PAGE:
Blessed are those who mourn, for they will be comforted (Matthew 5:4).
According to Claus Westermann, God’s presence and activity in the Bible and in our lives manifests in two ways: deliverance and blessing.
Deliverance gets more press because it fits the way we tell stories. Historical narratives move from one crisis and turning point to another. We consider newsworthy whatever interrupts the normal course of things.
When God disrupts oppression of entire nations or of individual souls and sets people free, we call that good news, or gospel. Exodus and Easter are the two great liberations, the salvation of a chosen people and of every soul.
Furthermore, disruption and deliverance recur in scripture in subsequent stories with every rescue from aggressors, return home, miraculous healing, and still, small voice that interrupts, calls, and sends people on missions. We remember the dates of these events and celebrate them gratefully. The memory of these events forms and maintains religious identity.
Blessing, on the other hand, neither makes the news, nor does it define us. All religions recognize blessings, the everyday stuff we need to survive and thrive: Fertility, children, shelter, crops, rain, green trees and fields, art, friendship, and on and on.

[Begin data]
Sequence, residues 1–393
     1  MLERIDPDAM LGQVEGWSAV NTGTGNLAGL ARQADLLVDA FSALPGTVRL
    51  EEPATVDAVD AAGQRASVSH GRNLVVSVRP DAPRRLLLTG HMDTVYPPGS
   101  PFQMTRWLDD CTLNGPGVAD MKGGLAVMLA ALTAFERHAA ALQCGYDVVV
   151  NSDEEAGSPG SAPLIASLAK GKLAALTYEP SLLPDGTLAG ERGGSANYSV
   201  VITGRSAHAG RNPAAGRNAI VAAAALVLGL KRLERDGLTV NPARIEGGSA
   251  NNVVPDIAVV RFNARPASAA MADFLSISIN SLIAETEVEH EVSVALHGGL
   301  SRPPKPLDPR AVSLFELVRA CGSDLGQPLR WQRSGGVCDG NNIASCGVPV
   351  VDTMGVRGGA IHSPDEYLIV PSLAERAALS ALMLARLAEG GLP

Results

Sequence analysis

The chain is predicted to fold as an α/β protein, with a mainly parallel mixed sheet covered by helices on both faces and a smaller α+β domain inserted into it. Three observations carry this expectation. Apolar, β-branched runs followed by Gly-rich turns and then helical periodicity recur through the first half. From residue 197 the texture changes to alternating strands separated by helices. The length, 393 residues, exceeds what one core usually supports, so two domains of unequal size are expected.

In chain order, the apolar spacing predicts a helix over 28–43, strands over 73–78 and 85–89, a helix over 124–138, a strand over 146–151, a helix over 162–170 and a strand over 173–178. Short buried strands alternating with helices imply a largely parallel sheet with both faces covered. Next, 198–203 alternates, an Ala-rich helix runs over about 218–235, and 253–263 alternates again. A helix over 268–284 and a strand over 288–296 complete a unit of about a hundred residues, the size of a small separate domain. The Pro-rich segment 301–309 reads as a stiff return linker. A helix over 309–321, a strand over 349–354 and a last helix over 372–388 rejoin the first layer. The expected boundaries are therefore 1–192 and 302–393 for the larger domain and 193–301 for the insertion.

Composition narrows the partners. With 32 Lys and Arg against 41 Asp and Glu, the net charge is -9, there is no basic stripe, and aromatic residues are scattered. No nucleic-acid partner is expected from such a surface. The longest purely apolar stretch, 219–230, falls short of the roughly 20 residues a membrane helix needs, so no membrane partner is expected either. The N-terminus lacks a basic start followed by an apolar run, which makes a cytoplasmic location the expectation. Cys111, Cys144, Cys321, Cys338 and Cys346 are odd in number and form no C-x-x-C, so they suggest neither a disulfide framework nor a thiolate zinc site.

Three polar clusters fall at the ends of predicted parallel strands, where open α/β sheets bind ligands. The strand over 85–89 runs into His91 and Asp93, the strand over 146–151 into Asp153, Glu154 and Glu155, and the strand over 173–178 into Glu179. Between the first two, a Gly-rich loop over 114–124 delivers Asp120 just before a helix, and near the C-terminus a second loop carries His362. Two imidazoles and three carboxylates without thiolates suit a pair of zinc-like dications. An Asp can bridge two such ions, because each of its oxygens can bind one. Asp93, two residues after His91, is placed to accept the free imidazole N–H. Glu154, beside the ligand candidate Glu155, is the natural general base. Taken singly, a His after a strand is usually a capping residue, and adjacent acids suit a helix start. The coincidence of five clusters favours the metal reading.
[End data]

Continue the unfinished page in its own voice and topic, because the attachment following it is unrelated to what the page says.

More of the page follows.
Signs of deliverance — disruptions — naturally awaken us. Burning bushes snap up our attention. But waking up to blessings takes discipline, spiritual practice.
Moreover, sometimes finding blessings seems more challenging than others, even for the wide awake. Jesus has such situations in mind in the more abbreviated Beatitudes (blessings) quoted in Luke 6:20-23:
Then he looked up at his disciples and said: “Blessed are you who are poor, for yours is the kingdom of God. “Blessed are you who are hungry now, for you will be filled. “Blessed are you who weep now, for you will laugh. “Blessed are you when people hate you, and when they exclude you, revile you, and defame you on account of the Son of Man. Rejoice in that day and leap for joy, for surely your reward is great in heaven; for that is what their ancestors did to the prophets.
Poverty, hunger, weeping, and persecution call to mind deliverance more than blessing, or so it seems. Yet, calling us blessed in such conditions does not change the meaning of blessing. Rather, it challenges us to a deeper understanding.
A deeper understanding of blessing
The promise of deliverance from the harsh present to a future blessedness — the kingdom of God, being filled, laughter, reward — clearly has its part. Deliverance means nothing if it does not lead to blessing.
But deeper still, I believe, Jesus means in the Beatitudes of both Luke and Matthew that if you suffer now, blessing is underway. God is up to something good, however mysterious. In this sense, blessing is deliverance and deliverance, blessing.
The present blessing of those who suffer is Christ with them, the Christ who knows suffering first hand as we know it, but who knows resurrection first hand as we cannot imagine. And just as he, inexplicably, did not suffer in vain, so we do not suffer in vain, although we find ourselves at a loss to account for it.
In your comfort, count your blessings. In your trials, count on them. You will be comforted all the more.